Thursday 22 May 2008

Basic Tool Kit

This is for the girls from my Thursday night class at Spice Art Studios! We use a fair few different tools during our weekly sessions, and it's difficult sometimes to give lots of up-to-date information about the best places I've found to buy tools and findings etc (i.e. information about what I've found this particular week!) when what everyone really wants to do is play with beads, so I thought that I'd keep this post updated with new sources of tools. I won't put prices as they are bound to change over time, but I will only put links to sites that I know are reliable and offer good value.

The main tools that I use during the wirework classes are (clockwise from the top in the picture above):

Round nosed pliers - used to make loops and bends in wire and to help open jump rings.

Nylon-jaw pliers (two pairs of these shown) - ideal for holding your wire without scratching it. I use these for holding coils as I'm forming them, for straightening kinks out of wire and for helping to flatten down small loops. They come in different sizes. The nylon pads do wear out over time (as you can see from the purple pair!) but it is possible to buy replacement pads.

Flush cutters (2 pairs shown) - These are sometimes called side cutters. I find flush cutters the best for giving a close cut as possible. They are usually the first tool to wear out. The exception to this are my lovely Lindstrom cutters that I bought from Cookson Gold which are engineering grade cutters and so sharp! They have a lifetime guarantee, but you do pay for the privilege.

Crimping pliers (2 pairs shown) - used for closing crimp beads when working with beadalon. I prefer the black nosed pair of pliers shown in the picture as these have a wider working area, but they are also more expensive. I have recently found a good site for them - The other type can be found at PJ Beads.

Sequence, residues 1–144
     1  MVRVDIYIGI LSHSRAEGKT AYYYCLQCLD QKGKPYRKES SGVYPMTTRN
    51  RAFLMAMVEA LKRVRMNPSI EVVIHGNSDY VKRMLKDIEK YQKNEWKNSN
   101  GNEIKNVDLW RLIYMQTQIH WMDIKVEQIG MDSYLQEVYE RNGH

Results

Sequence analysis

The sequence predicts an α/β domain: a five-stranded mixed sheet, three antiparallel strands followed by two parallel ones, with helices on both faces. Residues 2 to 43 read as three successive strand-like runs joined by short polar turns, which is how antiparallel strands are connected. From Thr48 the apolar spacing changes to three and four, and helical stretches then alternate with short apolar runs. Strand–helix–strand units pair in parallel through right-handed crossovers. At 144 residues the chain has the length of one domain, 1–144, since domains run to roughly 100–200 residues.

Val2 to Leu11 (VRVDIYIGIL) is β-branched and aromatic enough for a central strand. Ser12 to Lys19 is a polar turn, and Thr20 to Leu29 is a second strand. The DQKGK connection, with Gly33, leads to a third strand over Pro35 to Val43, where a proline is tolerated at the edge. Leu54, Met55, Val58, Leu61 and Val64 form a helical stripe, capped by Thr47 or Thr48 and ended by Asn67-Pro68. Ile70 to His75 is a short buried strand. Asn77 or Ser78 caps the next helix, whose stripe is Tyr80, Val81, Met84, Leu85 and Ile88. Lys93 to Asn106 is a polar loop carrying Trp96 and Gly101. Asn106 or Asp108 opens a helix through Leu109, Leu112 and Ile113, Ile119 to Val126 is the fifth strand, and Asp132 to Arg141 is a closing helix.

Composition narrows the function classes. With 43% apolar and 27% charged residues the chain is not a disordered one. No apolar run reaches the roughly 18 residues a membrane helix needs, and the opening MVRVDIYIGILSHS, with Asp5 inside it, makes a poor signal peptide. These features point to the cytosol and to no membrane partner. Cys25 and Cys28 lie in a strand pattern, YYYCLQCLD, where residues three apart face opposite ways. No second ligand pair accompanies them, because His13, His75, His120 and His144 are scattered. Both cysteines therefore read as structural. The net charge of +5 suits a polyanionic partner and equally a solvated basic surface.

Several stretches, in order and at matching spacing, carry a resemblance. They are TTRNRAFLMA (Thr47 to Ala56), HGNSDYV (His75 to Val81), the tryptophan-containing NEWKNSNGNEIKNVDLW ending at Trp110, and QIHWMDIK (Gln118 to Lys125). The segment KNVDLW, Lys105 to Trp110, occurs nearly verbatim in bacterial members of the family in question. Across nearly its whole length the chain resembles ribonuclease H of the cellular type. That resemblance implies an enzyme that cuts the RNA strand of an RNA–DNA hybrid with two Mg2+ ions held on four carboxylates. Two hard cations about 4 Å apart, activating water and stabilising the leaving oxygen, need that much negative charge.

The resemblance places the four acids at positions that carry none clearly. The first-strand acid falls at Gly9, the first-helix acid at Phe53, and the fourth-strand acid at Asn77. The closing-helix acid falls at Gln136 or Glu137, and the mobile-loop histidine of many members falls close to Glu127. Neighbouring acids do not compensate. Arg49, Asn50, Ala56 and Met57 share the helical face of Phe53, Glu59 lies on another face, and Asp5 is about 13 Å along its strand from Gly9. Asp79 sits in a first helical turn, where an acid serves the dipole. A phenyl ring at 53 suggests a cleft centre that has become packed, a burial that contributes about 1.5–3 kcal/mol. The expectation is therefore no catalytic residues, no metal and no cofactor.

Flat nosed pliers - very good for gripping your work and findings, these are useful for helping to open and close jump rings and also for squashing closed necklace endings such as box crimps.

If I haven't mentioned a specific supplier for the tools listed above, than they can be found at the following suppliers. A couple of reliable retailers that I use stock tool sets that contain most of these tools plus a couple more. Jules Gems supply several different kits (in different colours!) at a good price, and the Nottingham Bead Shop and JillyBeads also do reasonably priced sets. The Nottingham Bead Shop in particular have a wide range of tools in 2 main price ranges - hobby and professional. PJ Beads (previously known as PJ minerals) also stock a good range.

These are by no means the only UK tools suppliers, but hopefully this will give you a good start in helping to build up your own basic tool kit!

Tuesday 20 May 2008


I use lots of different wire gauges in my work, and at the various workshops that I teach, and I often get asked about the best wire gauges to use for various jobs - so I thought I'd post here some of the information that I give out at my sterling silver wire workshops! Please do remember, though, that these are the wire gauges that I prefer to use - there's no law that says you have to use the same!

The first thing to bear in mind is that some suppliers sell wire by the gauge, others by mm diameter, and that, of course, the two do not match up exactly. From the research I've done on the web (aka browsing through various websites making wishlists of beads and wire) a general rule is that US suppliers, books and magazines use gauges, and those here in the UK use mm. Typical! The larger the gauge, the thinner the wire. Some of the common gauges, their diameter in millimetres and some of the jobs I commonly use them for are below:

16 gauge (1.29mm)